To vote party line is an understandable and not-unreasonable position to take. I think we can all see the logic in wanting to vote for someone with a chance. It seems moot to vote for someone you know has no chance before the polls even open. That mindset doesn't take the full climate of politics into mind, though.
That's why I'm announcing a personal policy shift. From here on out, I will vote for the best candidate, not the lesser of two evils.
Politicians running for either of the two big parties are comfortable. They see a single opponent. They know that their only impedance to winning is one other person. As voters, we've removed accountability from the system.
With that in mind, politicians have little motivation to do anything but vote with their party. The people we elect year in and year out do not have the electorate in mind. They are driven by the desire to maintain their career with only the unchecked American media (whose biggest interest is sensationalism in order to make money) and unlimited corporate contributions to influence them. Voters have become little more than minions in a popularity contest between two lost giants.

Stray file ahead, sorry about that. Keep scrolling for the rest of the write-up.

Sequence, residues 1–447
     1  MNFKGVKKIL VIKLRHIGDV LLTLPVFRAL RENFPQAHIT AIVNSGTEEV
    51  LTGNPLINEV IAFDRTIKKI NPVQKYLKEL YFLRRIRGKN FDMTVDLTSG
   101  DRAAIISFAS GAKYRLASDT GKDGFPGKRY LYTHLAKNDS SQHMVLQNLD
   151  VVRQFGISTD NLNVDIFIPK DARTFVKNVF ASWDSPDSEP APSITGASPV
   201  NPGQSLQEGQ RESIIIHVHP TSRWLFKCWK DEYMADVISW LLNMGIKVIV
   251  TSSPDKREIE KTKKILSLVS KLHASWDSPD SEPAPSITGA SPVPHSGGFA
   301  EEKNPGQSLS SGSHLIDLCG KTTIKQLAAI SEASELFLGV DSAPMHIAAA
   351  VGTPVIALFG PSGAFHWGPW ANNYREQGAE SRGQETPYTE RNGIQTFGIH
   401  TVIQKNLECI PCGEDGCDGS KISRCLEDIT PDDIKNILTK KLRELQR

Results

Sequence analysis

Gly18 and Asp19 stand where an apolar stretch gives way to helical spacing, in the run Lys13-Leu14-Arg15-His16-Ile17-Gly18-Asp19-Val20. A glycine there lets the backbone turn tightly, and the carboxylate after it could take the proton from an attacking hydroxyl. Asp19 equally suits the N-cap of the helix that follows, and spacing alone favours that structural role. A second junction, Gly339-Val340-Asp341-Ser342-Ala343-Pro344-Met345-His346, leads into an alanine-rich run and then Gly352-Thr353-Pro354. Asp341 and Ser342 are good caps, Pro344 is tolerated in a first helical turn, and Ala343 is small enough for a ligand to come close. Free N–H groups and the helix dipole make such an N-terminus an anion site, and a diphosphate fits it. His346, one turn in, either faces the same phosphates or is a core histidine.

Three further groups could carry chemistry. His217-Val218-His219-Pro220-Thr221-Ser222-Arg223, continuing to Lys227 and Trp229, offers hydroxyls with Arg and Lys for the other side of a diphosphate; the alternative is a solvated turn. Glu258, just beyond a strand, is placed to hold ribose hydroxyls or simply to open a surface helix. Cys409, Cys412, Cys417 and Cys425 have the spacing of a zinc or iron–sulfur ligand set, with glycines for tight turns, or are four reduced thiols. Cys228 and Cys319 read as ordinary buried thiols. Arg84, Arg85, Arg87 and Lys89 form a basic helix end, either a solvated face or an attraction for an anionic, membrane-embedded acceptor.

The binary system is not working.
We're (nearly) all to blame. We haven't been educating ourselves and we haven't been voting with a brain. Electing the ideal candidate is difficult; it requires time and effort to match values with names. Americans are lazy and unbiased data, if available, is difficult to find.
My proposition: for all future elections, vote for the best candidate. My offer: to make available a trustworthy source of information that can be easily consumed before the next major election. We have an obligation not just to vote, but to vote for people who will steer America in the right direction, and few who hold office today are there.
I'm ripping the pegs off my bike; the free ride is over.
If you are interested in joining a project to make information on politicians easier to access, more trustworthy, and more personal; and you have a strong knowledge of politics, technology, or design, please contact me at firstname.lastname@example.org for more information.